October 2, 1919 (13th Parliament, 3rd Session)


Albert Edward Kemp (Minister of the Overseas Military Forces)


Sir EDWARD KEMP (Minister of the Overseas Military Forces):

Mr. Speaker, I have been asked on several occasions for information regarding members of the Overseas Military Forces in Canada who are detained in England under sentences of varying [periods'. tCbnsidering the large number of soldiers who were sent overseas, I think that the figures which I am about to give will be considered as very satisfac-

tory and as indicating that the conduct of our soldiers was most exemplary and the discipline excellent. It will probably be found that the number that it was necessary to convict for various causes would be much less than the number that would be cnvicted of offences from amongst the civil population of Canada during a,.similar period.
Several months ago I requested Judge Dennistoun, of Winnipeg, who was Deputy Judge Advocate General of the Overseas Military Forces of Canada, to return to England from Winnipeg for the purpose of reviewing these cases individually, the object being to look into the matter carefully and, if possible, to reduce or commute the sentences. The policy was to exercise as much leniency as was possible under all the circumstances. Colonel Dennistoun did review the cases and he submitted a report upon each case; that report is available to any member of the House who desires to see it.
The figures to which I have referred are contained in the following statement:
Analysis of report of Deiputy Judge Advocate General, O.M.F.C., on Revision of Sentences. Total number of members of O.M.F.C. in prison on 1st July, 1919, undergoing sentences imposed by military tribunals 170 Sentenced by military tribunals between 1st July, 1919, and 1st September, 1919 29
Total number of members of O.M.F.C. in prison on 1st July, 1919, undergoing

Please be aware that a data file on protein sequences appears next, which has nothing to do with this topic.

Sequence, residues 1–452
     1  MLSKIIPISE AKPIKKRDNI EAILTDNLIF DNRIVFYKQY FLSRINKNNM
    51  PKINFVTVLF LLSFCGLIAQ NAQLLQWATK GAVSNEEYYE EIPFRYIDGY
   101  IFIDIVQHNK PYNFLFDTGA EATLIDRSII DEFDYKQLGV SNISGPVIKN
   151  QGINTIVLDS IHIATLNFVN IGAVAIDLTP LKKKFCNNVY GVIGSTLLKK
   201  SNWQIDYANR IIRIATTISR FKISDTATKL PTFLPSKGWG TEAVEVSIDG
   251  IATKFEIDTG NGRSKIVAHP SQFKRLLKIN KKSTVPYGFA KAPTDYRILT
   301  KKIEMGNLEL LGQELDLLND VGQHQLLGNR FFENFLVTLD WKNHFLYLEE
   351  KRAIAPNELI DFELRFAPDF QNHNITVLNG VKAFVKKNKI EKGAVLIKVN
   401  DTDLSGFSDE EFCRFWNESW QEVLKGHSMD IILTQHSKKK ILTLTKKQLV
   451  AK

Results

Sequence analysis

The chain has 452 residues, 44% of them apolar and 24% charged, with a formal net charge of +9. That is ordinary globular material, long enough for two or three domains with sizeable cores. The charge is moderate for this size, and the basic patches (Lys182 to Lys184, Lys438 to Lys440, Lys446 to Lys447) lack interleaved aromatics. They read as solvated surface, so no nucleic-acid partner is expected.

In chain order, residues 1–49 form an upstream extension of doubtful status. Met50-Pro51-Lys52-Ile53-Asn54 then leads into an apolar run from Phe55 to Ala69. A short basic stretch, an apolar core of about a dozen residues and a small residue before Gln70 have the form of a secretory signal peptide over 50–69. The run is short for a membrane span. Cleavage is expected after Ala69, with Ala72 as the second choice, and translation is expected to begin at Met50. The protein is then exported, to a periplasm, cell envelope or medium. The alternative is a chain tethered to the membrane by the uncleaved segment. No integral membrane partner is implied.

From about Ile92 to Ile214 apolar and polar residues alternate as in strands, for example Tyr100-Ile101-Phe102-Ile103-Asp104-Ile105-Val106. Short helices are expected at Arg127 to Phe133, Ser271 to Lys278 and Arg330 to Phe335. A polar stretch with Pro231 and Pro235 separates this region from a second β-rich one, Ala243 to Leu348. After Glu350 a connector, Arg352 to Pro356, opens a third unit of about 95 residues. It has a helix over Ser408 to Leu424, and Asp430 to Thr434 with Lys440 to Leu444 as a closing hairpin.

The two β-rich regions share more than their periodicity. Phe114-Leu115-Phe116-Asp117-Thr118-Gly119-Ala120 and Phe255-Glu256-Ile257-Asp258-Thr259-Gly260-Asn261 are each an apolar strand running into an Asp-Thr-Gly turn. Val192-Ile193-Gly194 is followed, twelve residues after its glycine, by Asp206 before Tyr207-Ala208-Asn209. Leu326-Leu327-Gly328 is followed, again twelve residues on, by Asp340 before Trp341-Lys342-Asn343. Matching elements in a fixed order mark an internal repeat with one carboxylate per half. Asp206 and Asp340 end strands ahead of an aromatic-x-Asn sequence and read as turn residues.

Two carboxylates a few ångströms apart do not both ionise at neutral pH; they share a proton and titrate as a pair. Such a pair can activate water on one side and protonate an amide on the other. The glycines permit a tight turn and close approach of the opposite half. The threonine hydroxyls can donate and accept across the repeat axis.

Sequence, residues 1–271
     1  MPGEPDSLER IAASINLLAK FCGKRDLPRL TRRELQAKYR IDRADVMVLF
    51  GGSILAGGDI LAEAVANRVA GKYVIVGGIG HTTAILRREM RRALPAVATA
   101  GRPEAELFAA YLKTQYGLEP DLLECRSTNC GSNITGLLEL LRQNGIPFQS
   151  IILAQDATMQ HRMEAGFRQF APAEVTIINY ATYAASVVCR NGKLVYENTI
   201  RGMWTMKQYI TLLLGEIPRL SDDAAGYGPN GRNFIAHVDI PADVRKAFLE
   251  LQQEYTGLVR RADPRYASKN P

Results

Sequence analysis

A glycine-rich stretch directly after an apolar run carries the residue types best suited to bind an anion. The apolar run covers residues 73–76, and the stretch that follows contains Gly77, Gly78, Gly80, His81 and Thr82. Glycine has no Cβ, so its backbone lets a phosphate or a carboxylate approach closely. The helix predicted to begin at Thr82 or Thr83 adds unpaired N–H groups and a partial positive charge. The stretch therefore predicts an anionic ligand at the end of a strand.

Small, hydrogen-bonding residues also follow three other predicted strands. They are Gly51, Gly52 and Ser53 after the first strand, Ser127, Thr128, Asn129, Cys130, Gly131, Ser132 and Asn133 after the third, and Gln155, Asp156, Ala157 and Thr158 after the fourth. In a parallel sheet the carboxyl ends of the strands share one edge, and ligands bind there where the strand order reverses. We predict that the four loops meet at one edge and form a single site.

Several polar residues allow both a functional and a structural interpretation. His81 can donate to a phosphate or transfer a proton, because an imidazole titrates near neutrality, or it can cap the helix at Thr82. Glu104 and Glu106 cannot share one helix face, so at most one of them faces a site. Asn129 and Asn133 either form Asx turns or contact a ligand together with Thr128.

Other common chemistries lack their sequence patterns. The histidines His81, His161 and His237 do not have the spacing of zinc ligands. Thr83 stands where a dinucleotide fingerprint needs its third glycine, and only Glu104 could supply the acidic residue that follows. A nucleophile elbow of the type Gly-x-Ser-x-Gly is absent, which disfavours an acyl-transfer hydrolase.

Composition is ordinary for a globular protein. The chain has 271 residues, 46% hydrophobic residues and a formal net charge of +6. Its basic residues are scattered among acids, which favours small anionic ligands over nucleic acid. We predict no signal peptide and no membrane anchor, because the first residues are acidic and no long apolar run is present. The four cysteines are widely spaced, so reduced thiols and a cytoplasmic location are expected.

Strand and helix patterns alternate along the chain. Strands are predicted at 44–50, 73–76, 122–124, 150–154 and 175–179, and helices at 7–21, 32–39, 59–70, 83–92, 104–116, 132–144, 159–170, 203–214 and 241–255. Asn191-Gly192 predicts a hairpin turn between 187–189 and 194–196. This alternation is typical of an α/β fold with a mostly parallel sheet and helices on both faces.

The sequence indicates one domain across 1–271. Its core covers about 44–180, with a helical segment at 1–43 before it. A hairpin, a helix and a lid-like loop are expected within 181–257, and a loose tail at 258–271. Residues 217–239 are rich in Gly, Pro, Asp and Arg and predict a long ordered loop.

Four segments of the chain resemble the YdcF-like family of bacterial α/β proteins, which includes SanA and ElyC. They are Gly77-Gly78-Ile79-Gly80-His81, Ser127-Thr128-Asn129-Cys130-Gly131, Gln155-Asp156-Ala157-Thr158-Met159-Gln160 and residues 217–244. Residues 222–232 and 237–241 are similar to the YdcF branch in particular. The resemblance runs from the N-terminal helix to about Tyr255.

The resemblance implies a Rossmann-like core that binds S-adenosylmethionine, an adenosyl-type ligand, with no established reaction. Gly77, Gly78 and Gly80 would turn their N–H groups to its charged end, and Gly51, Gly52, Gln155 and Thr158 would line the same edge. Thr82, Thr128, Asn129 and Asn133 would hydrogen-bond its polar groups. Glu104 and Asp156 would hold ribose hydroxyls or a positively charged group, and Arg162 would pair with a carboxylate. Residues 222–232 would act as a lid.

sentences imposed by civil authorities.. 46
Sentenced by civil authorities between 1st July, 1919, and 1st September, 1919.. .. 29
Total 274
Number of military sentences:
(a) Remitted [DOT][DOT][DOT][DOT][DOT][DOT] 77
(b) Commuted in part from imprisonment to detention barracks 90
Number of cases in which no action in respect to sentence was recommended.. .. 86
Number of cases reserved for future consideration 10
Number of civil sentences for the commutation of which application to the Home Secretary has been made 5
Date of release of prisoners:
Number of prisoners who have been released from Imprisonment between 1st July, and 1st September, 1919.. .. 74
Numbers of prisoners to be released during months of: September, 1919.. .. 22October, " .. .. 24November, " .. .. 34December, " .. .. 32January, 1920.. .. 42
(a) Number of prisoners whose sentences expire after January 31, 1920:
(1) Where sentenced by military
courts 21
(2) Where sentenced by civil courts 25
(a) These cases an where convictions are for murder, manslaughter, rape, burglary, larceny.
Number of cases not yet reviewed 5
(These cases have been tried in the civil courts within the past two weeks.)
That is two weeks prior to the 9th September last.
When prisoner is released from imprisonment and sent to detention barracks he is then retained only until his documentation is completed and arrangements for his sailing made.

Full View